Irene Wasn't a Hurricane When it Hit N.J., Report Says
The shore received a lashing, but North Jersey—including Essex County—took the brunt.
Hurricane Irene would have been the first hurricane to make landfall in New Jersey in more than a century, had it actually been packing hurricane-strength winds at the time.
But by the time Irene rolled ashore at Little Egg Inlet in southern Ocean County, its wind speed had already decreased to 69 m.p.h.—a full 5 m.p.h. short of hurricane strength—meaning it was actually just a tropical storm.
The new findings were released Dec. 14 by the National Hurricane Center, the latest of equivalent post-mortems the agency has posted on every other storm of the 2011 hurricane season. Every year, the hurricane center releases "tropical cyclone reports" on each named storm after hurricane season ends Nov. 30.
The report said a storm surge of 3 to 5 feet along the state's shoreline caused moderate to severe tidal flooding with extensive beach erosion, but not surprisingly, the bulk of the damage caused by Irene was in the northern counties due to river flooding.
"The most severe impact of Irene in the northeastern United States was catastrophic inland flooding in New Jersey, Massachusetts and Vermont," the report stated.
The report said it was "surprising" that Irene weakened significantly between the Bahamas and North Carolina, never to regenerate on its eventual trek northward toward New Jersey. Hurricane center meteorologists believe that after the storm's inner eyewall eroded near North Carolina, Irene did not act as most storms typically do, and contract at the outer eyewall, allowing for restrengthening.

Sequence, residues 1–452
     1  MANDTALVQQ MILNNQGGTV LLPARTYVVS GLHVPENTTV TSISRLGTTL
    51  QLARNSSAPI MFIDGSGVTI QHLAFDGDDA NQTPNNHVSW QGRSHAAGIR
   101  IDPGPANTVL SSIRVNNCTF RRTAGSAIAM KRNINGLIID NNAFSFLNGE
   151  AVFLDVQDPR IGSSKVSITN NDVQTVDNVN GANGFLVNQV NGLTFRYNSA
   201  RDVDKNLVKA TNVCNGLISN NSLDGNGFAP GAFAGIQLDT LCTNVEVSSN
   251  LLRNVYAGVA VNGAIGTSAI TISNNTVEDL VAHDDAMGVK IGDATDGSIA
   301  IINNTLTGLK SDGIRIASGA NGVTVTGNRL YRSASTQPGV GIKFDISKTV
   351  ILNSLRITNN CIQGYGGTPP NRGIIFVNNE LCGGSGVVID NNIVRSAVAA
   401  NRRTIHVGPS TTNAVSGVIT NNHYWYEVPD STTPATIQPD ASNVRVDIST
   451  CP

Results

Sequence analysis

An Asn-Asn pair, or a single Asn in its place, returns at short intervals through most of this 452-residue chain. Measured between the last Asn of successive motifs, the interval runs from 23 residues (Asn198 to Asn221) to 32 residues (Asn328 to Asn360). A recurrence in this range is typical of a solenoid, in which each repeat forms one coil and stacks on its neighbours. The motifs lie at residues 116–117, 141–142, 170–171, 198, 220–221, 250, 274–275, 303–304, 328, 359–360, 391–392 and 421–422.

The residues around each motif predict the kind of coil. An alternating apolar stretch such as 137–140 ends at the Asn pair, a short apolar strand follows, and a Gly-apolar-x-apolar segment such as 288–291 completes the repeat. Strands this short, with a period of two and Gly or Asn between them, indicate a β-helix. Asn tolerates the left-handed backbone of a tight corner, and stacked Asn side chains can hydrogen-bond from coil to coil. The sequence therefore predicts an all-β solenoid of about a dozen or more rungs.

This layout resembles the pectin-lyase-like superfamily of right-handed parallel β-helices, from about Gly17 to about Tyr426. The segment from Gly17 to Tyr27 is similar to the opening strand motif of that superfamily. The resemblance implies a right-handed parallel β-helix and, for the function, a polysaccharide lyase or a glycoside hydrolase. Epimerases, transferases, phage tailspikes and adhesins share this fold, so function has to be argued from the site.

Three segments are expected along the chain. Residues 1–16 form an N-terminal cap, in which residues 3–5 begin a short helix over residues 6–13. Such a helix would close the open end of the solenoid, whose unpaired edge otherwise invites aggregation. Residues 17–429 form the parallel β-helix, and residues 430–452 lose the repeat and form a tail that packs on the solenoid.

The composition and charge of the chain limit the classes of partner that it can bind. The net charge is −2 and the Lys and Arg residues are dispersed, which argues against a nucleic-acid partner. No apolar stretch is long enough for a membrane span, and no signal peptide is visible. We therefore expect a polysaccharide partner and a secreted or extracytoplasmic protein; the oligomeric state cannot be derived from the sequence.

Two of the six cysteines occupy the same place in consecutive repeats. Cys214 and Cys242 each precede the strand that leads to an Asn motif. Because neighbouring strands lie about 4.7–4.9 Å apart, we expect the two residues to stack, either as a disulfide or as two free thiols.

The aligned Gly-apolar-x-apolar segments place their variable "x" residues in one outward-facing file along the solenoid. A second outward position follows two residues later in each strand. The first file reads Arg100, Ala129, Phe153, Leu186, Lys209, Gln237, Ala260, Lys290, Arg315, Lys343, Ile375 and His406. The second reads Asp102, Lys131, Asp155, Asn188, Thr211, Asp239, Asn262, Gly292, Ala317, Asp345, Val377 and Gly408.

"Instead, Irene’s structure was characterized by a series of rainbands, resulting in a broad and diffused wind field that slowly decayed," the report said.
According to the hurricane center, reports indicate that Irene was directly responsible for 49 deaths: five in the Dominican Republic, three in Haiti, and 41 in the United States. In the United States, six deaths were attributed to storm surge, waves or rip currents; 15 to wind, including falling trees; and 21 to rainfall-induced floods.
The storm caused $7 billion in property damage, the report said.
Locally, Fairfield residents and businesses in the Passaic River basin were devastated by flooding which resulted from Irene. The federal government declared Essex County a disaster area, and U.S. President Barak Obama landed at Essex County Airport in Fairfield on his way to tour Paterson after viewing the aftermath from a helicopter.
A full copy of the report can be downloaded from the National Hurricane Center's website.